At Neumgna, near the regional town of Maidenwell, Queensland, 160km north east of Brisbane, Skye Douglass and husband Glenn operate their family farm beef enterprise across approx 2660 acres of diverse land, nestled alongside national park and state forest .
Stemming from a long line of beef producers and butchers, Skye and Glenn have one core value that keeps their farm and business in operation: sustainability.
The pair produce and sell beef across South-East Queensland under the label HighBrit Beef with the majority of their customers located in Brisbane and surrounds. Their business operates like that of a collective of like-minded farmers, offering a unique paddock to plate service.
For the Douglass family, the value of sustainability is one of utmost priority and has its roots in their desire to leave something for their children –
Maye (14), George (12), Audrey (10) and Isla (6).
“My background is in environmental science, so I came into this being a ‘greenie’ and being sort of labelled as the ‘greenie’.
“But when I talked to my husband and we discussed our approach, he was always of the opinion as to why would we do it any other way.
“It’s really important for us, it’s not just about ‘oh this is a flavour of the month thing’, it feeds into all of our decisions that we do here.”
Sole operators (in conjunction with Glenn’s dad and uncle), Skye and Glenn, run approx 400 Hereford cross Black Angus breeders.
The pair actively manage every aspect of their farm, from the soil to the in-house butchery and delivery service. Their aim is to bridge the gap between farmer and consumer by being as transparent as possible.
“We make it a point that there is one of us, at least, on every delivery. It’s a commitment from us to our customers. We make sure they know that they can contact us, that we’re around, in the end it’s all about that open line of communication,” Skye said.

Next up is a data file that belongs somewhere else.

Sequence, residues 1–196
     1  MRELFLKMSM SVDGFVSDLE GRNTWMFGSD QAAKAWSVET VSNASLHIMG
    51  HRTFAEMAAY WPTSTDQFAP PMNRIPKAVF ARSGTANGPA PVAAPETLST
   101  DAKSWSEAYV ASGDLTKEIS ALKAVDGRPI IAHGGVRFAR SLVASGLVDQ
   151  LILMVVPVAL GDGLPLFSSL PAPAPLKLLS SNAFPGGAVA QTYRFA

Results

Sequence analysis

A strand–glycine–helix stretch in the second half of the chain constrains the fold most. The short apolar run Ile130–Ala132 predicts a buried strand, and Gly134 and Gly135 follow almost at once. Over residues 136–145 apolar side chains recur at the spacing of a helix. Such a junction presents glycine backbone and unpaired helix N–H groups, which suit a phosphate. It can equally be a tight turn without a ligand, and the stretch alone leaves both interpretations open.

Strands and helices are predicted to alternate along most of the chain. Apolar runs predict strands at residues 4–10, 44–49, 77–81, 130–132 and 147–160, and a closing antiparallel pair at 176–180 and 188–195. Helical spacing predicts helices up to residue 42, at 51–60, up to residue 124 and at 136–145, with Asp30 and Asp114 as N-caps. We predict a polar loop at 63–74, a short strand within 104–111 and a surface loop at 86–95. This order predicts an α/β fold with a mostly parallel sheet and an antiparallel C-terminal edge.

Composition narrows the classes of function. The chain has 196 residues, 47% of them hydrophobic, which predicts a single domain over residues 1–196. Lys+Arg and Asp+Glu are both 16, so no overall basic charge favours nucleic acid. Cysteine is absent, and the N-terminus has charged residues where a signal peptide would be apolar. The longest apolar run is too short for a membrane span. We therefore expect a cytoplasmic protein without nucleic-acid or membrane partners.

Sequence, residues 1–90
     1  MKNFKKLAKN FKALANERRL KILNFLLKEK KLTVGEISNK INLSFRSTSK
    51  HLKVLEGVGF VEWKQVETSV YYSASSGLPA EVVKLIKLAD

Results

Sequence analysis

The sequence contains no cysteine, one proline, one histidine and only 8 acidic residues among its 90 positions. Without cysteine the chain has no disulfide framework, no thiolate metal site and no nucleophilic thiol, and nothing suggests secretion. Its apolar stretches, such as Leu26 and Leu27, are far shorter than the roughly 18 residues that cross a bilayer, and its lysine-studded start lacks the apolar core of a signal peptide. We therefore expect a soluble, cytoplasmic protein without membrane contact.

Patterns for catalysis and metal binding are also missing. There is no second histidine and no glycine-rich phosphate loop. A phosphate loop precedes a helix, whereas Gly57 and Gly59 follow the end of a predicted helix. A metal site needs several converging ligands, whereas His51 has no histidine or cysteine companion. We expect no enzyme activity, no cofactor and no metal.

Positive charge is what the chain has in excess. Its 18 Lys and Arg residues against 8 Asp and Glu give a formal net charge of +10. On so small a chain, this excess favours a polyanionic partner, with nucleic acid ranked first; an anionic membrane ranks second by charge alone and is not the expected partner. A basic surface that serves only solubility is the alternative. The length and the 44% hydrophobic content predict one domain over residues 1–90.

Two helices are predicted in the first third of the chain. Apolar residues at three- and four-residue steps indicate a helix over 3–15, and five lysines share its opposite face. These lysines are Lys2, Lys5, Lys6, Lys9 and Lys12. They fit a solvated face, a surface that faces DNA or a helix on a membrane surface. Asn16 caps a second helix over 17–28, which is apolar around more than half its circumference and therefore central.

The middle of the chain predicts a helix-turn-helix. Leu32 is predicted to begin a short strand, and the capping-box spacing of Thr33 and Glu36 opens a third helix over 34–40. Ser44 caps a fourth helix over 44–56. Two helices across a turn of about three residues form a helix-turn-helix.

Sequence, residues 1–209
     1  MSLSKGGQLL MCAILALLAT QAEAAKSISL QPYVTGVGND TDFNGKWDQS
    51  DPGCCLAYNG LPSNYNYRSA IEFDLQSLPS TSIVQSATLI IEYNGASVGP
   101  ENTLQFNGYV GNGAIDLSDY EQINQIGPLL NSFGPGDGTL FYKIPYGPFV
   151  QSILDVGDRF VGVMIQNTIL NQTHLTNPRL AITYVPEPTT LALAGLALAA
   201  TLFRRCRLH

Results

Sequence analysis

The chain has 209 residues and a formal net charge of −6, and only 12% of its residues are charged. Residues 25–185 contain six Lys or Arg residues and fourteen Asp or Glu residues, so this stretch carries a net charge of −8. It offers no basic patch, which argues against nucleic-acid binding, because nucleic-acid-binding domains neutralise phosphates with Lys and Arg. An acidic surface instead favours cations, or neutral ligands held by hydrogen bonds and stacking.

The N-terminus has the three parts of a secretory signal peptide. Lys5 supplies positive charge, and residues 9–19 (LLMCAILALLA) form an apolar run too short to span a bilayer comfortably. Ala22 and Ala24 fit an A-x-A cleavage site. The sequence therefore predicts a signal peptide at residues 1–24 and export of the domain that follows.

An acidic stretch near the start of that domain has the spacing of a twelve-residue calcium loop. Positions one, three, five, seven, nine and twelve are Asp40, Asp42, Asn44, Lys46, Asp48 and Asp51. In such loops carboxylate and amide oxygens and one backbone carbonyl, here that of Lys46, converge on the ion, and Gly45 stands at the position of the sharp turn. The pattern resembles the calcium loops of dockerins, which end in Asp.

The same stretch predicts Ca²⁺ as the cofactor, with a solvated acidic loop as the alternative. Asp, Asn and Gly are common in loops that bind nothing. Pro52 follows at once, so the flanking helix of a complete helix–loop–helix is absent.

It’s the transparency that a lot of our customers value, it goes to the the hashtag #knowyourfarmer, #knowyourfood movement and I’m really happy to talk with them openly and honestly about what we do.
Better connecting consumers with food and fibre production is no small task with a number of misconceptions about the agriculture industry highlighting the knowledge gaps consumers have when it comes to how their food and fibre is produced.
In her discussions with customers, Skye said the main thing that surprised her was just how little people who eat meat know about the process behind it, even those who she knew to be educated about agriculture.
“I am always struck by how little people know and what a big space it is to educate, even in terms of what animals in the paddock you eat.”
“We’ll have people come here and say, ‘oh look at that bull he’d be great eating’ and for us that’s shocking and we have to say no you don’t eat the bull!”
This lack of knowledge has also impacted the orders that Skye receives on a daily basis, with a handful of consumers only wanting steaks and sausages and unaware of the concept that those bi-products are only a portion of what comes off a beast.
“We’re different from other paddock to plates where they say you’ll get a quarter or an eight of a quarter of a beast or a half a beast.
“We have a 10kg, 20kg and a 40kg pack and they have slightly different cut ratios but in doing it that way, everyone has to have a portion of top side and everyone has to have a portion of silver side.
“We have flexibility around that, but people have to understand that if you’re going to share in this animal you need to eat the whole thing.”
With a number of promising business ventures in place for the future, Skye’s business has rapidly expanded over the past few years with consumers now requesting chicken meat, eggs and vegetables.
Skye has been able to reach out to like-minded producers and provide an almost ‘co-op’ like service for her customers but maintains that the most important thing for the longevity and profitability of the farm is sustainability.
Our sustainability improves our profitability.
“In terms of managing our herd, we’re able to hold animals longer into the dry season and we’ll always have a bit of extra food because we’ve got paddocks locked off and we’re moving animals into them.
“We’re also nurturing our soil and our pasture; we’re not about just putting the animals in and having them mow it down to nothing.”
With an eye on the future and a number of sustainable and efficient practices already in place, Skye is confident the farm will be left in good shape for her children to continue on her legacy.
“We’ve already talked to the kids about the importance of sustainability, and they could tell me from a young age that the areas that we graze were originally the vine scrub that’s next door,” Skye said. (that’s why we have planted so many locally sourced trees)
“There’s a whole lot of things that we have learnt or know that we just talk to the kids about and that is how it is.
“You can’t help but pass that on to them, when they’re out there with you and they’re your values anyway.”